There are many maxims on how to make and save money, but media mogul Edward W. Scripps has some that are a little unorthodox.
Scripps began building his media empire in 1878. Now, it encompasses newspapers, broadcast television stations, cable networks, and, along with other media enterprises, it spans many states.
Scripps was very keen on ethics and keeping his money, business and life in balanced perspective. In his life, he followed a 23-point code of conduct which he detailed in his essay "Some Outlandish Rules for Making Money."
Here are some highlights:
Never spend as much money as you earn. The smaller your expenditures, the larger your profits. If you're always just breaking even, you're setting yourself up for trouble. Any bump in the road could spell disaster.
Never do anything today that you can put off until tomorrow. This may sound like procrastination, but there are always too many things to do in a single day. It is important to prioritize and to apply your time and energy only where it's needed. You may even find the things that are not worth doing today are not worth doing at all.
Never do anything yourself when you can get someone else to do it for you. This may sound like laziness, but when you delegate tasks to others, you are able to focus on the things only you can do -- and do them well.
Never do anything that someone else is already doing. Why compete with anyone else when you could have a monopoly in a different field? Find a need within your community that isn't being addressed, and design a service to take care of it. If something compels you to compete in a market, make sure that what you are doing is different in every way possible from your competitor.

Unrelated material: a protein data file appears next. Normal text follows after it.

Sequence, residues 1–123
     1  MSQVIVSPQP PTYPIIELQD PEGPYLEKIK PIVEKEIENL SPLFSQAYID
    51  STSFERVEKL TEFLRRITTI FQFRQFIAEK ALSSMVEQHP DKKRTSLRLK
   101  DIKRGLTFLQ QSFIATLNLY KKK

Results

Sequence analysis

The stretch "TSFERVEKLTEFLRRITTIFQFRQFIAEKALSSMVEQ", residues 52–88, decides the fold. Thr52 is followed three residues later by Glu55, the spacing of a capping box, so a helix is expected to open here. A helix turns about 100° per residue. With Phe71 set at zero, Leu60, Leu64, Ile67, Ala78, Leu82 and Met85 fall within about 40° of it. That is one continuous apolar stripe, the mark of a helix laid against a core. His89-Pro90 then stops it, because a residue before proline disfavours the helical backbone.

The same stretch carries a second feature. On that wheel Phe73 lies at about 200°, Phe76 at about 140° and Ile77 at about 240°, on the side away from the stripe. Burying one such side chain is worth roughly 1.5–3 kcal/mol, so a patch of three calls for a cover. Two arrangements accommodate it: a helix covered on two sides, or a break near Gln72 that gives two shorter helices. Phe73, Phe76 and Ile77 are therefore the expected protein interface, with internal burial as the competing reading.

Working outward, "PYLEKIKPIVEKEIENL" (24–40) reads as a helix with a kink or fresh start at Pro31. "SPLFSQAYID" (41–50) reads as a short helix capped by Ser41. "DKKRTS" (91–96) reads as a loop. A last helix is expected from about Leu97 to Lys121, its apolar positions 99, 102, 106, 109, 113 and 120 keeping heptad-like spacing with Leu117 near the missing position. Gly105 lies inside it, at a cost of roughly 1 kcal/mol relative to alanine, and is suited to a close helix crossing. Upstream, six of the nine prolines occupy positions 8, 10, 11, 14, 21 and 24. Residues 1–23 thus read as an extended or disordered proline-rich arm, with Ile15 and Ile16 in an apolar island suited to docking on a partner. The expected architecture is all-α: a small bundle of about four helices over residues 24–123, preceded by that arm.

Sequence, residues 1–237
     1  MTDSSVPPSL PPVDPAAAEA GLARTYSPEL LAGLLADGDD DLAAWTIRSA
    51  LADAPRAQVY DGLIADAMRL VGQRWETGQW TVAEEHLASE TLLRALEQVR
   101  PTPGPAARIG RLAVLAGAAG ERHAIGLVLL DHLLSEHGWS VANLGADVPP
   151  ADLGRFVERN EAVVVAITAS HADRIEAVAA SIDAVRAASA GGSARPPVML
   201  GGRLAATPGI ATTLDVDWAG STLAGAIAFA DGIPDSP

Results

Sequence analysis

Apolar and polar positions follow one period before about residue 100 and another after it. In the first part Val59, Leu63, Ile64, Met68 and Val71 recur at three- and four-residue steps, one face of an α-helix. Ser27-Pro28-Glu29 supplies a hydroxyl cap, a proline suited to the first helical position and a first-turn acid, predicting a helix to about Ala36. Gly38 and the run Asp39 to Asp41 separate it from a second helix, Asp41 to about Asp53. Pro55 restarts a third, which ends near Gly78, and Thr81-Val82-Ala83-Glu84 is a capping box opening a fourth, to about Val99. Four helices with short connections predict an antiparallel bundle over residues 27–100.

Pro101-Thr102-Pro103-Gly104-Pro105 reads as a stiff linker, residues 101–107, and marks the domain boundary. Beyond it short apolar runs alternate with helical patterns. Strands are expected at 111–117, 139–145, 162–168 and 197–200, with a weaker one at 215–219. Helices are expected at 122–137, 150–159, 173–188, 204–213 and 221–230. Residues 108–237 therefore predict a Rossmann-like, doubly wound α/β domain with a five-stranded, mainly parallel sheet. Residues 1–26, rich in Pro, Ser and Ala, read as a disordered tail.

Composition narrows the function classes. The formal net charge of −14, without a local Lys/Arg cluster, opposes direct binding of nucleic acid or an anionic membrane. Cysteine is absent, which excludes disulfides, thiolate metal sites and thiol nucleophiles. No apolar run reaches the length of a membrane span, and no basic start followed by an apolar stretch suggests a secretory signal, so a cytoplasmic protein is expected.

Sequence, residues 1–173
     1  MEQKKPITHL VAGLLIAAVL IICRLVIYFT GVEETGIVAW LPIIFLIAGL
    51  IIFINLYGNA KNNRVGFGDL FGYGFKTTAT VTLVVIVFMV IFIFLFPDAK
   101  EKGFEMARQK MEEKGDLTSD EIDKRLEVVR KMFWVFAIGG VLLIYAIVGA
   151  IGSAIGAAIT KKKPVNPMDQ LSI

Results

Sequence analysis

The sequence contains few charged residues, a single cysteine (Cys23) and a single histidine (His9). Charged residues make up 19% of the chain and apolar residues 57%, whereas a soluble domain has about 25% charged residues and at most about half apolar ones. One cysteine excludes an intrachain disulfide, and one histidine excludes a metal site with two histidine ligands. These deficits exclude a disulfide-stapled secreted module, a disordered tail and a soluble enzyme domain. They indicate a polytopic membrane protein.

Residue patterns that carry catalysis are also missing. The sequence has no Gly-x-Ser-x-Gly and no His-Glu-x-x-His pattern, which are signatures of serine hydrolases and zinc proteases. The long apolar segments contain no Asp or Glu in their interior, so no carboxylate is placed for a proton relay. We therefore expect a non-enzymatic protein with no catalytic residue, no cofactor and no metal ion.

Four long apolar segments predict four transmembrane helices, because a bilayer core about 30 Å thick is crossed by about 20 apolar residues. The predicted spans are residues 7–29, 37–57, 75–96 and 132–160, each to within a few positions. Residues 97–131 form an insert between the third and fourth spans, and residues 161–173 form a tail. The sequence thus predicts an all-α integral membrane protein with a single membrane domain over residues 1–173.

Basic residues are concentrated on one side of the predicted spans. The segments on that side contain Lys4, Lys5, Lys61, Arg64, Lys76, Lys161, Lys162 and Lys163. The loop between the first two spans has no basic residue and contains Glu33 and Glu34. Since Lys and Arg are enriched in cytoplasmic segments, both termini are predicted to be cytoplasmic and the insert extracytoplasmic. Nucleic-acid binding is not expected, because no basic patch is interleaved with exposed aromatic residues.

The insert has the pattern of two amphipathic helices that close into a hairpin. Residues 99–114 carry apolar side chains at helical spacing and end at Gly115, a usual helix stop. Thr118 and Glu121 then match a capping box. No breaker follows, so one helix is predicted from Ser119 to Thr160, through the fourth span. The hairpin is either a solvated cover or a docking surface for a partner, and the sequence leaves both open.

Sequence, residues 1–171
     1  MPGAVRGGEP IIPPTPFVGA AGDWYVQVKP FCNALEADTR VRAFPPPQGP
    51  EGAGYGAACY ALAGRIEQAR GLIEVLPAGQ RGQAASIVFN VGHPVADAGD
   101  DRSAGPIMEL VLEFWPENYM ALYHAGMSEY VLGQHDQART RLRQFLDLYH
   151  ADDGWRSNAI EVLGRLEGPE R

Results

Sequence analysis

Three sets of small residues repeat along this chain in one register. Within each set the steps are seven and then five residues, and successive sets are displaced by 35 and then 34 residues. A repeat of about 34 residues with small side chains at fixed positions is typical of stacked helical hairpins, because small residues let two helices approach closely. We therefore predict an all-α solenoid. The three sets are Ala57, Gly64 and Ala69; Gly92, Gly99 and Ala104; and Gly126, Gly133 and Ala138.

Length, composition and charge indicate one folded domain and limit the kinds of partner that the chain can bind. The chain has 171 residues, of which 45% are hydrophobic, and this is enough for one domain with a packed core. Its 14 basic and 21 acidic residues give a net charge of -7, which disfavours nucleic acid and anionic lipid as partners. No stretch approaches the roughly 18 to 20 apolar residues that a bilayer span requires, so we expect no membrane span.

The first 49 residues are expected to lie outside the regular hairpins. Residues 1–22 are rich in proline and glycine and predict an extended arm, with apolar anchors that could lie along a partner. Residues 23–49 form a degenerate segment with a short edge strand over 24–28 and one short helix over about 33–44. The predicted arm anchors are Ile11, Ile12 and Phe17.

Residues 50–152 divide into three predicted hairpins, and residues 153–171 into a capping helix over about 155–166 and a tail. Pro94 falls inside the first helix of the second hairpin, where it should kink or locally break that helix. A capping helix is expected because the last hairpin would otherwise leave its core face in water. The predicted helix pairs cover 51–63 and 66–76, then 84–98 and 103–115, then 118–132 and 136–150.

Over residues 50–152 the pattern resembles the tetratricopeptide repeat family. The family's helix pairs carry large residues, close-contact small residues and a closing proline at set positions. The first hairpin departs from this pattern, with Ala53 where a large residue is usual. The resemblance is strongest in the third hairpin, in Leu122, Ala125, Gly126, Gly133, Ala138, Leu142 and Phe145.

Never do the same thing twice. There is always a better way of doing something. Make sure that every time you succeed, you try to find out how to make the next round better. This will keep you ahead of any competition, keep you on forward-moving track, and your customers will appreciate the effort.
If you're succeeding, keep the "how" and "why" under wraps. If you share your key to success, someone else can try to copy your formula. It's better to keep your best hand a secret.
Save money. No one can save themselves rich, but savings are capital. Capital can transform into security, investments and additional opportunities.
Thinking should be the hardest work you do. With a business, each decision should be carefully examined. Success brings more questions and requires sharper thought to continue growth. Push yourself to question conventions and examine your business and finances at all times.